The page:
FIVE --- The RSV made the decision not to read any Messianic meaning back into the passages of the Old Testament in its translation. The NIV, however, "reflects without apology the Messianic interpretation of the Old Testament." It clearly sees the OT as pointing to Jesus Christ and makes note of that fact. For example, it will capitalize certain terms in the OT which it feels are Messianic. "Son" in Psalm 2:12 is a case in point.
As the NIV translators themselves freely admit, this translation is not without its weaknesses and faults. One of the major problems arises from its philosophy of translation (Dynamic Equivalence). The basic nature of this problem is: when one leaves off trying for a literal, word-for-word translation, and instead seeks to give the message of the text, there is always the danger that the translators may not fully understand that message. Thus, they may render the passage incorrectly in their translation and mislead the reader.
Romans 1:17 is a perfect example of this. The NIV reads, "For in the gospel a righteousness from God is revealed, a righteousness that is by faith from first to last." There was such a public outcry over this rendering that the translators felt compelled to put the more literal "from faith to faith" in a footnote in their later editions.
Notice also the following representative weaknesses and perceived faults of the New International Version:
ONE --- Ephesians 1:13 leaves the impression in the minds of many that one is "included in Christ" at the point he hears "the word of truth," and that he is then sealed with the Holy Spirit when he believes. The wording here is very unfortunate, and certainly seems to imply the doctrine of salvation by faith only.
TWO --- Psalm 51:5 is perhaps one of the most criticized passages in the NIV: "Surely I have been a sinner from birth, sinful from the time my mother conceived me." This seems to teach the doctrine of "inherited sin" (or "original sin"), which in turn has led some to justify such practices as infant baptism.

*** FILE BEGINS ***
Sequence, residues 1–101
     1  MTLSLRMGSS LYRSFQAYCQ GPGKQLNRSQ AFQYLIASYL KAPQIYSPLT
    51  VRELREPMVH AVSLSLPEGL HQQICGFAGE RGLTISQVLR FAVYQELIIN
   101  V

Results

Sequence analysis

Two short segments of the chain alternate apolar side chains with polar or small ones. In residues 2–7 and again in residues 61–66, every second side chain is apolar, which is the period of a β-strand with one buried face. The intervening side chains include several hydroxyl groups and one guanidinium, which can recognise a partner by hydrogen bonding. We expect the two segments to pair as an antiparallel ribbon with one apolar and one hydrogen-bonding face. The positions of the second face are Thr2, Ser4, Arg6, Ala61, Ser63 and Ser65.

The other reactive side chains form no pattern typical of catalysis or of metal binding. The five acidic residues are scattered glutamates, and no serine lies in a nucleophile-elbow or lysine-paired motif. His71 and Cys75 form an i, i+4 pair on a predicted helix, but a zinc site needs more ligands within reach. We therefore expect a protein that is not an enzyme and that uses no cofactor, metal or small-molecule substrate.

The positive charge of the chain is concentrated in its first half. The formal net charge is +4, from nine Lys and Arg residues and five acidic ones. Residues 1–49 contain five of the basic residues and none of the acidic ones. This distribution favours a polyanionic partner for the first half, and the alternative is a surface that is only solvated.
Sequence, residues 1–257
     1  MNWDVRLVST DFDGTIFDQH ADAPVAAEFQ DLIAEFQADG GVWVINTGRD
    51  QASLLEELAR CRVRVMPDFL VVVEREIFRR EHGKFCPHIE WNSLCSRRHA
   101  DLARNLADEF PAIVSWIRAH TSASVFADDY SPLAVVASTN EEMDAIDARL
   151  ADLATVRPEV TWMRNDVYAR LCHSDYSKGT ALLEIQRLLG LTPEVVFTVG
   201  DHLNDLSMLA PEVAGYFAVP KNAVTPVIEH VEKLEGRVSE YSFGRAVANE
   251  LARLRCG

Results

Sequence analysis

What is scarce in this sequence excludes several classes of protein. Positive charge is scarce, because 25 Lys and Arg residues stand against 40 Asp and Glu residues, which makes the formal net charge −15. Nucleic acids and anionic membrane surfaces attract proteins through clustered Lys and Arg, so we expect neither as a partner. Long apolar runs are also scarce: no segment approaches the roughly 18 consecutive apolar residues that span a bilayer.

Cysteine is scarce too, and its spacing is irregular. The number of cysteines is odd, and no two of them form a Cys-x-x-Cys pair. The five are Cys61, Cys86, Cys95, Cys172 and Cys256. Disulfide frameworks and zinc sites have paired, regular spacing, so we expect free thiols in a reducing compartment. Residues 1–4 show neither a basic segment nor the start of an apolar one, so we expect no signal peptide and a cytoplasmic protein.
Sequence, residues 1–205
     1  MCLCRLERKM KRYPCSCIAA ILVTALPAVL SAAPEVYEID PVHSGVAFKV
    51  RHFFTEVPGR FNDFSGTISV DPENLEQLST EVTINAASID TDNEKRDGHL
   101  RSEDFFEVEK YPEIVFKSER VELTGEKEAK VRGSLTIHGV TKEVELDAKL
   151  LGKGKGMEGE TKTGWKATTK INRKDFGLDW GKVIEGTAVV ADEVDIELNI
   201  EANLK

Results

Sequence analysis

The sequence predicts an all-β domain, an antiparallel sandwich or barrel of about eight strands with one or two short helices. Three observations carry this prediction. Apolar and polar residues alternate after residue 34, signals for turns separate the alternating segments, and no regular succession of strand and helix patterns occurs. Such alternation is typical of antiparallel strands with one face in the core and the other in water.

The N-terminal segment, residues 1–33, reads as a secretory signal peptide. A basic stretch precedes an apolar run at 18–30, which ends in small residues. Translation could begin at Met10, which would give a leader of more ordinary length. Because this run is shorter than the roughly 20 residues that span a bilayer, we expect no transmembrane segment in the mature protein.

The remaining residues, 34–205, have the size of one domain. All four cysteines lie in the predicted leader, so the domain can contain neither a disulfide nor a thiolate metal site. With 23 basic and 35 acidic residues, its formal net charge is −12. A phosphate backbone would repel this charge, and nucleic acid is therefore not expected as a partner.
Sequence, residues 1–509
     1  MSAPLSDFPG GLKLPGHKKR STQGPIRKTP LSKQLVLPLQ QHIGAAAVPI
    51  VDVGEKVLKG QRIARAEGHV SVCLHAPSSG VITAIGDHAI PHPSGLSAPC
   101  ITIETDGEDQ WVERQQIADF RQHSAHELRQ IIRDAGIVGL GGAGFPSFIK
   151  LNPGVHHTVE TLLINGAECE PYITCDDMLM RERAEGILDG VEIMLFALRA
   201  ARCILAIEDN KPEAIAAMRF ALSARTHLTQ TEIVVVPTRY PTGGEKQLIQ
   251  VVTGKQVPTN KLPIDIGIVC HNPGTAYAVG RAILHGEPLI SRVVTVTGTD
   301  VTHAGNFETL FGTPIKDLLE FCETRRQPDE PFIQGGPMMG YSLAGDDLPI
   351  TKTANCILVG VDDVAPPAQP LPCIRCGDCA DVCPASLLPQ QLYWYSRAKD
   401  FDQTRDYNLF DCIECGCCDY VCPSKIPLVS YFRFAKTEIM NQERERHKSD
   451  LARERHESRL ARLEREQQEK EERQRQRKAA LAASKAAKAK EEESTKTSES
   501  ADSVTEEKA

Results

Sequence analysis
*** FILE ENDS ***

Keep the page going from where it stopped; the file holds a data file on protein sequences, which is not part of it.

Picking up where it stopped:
THREE --- Romans 10:10 in the NIV reads, "For it is with your heart that you believe and are justified, and it is with your mouth that you confess and are saved." Much like #1 above, this seems to imply a justification and salvation at the point of confessed faith, apart from any obedience or demonstration of one's faith. In point of fact, "are" is not in the Greek text here; it is rather the preposition eis which means "unto." Also, by noting the context of the surrounding verses, one will see that the verbs dealing with salvation and not being "put to shame" are future tense. All of this clearly shows that these things are anticipated through confession and belief/faith, and not already acquired prior to the presence and demonstration of the latter.
FOUR --- I Corinthians 13:10 in the NIV reads, "But when perfection comes, the imperfect disappears." This passage literally says, "But when that which is perfect comes" or "when the perfect thing comes." The word "perfection" used in the NIV is felt by many to be too general and non-specific.
FIVE --- Sometimes footnotes can be a cause of confusion to the reader of a particular version. This is the case in a footnote to I Timothy 3:11. With reference to deacons, Paul writes, "their wives are to be...." In a footnote, the NIV says, "Or: 'deaconesses.'" The Greek word for "deaconess," which is different from the word for "wife," is not used in this verse! To imply in a footnote that Paul is referring in this passage to deaconesses, rather than to the wives of deacons, can be misleading to the reader.
SIX --- As was true of the KJV, there are places in the NIV that can be embarrassing to read for some people, especially if they were to be read publicly before a mixed assembly. For example, in Genesis 31:35 Rachel tells her father, "Don't be angry, my lord, that I cannot stand up in your presence; I'm having my period." Genesis 19:5 in the NIV reads, "They called to Lot, 'Where are the men who came to you tonight? Bring them out to us so that we can have sex with them.'"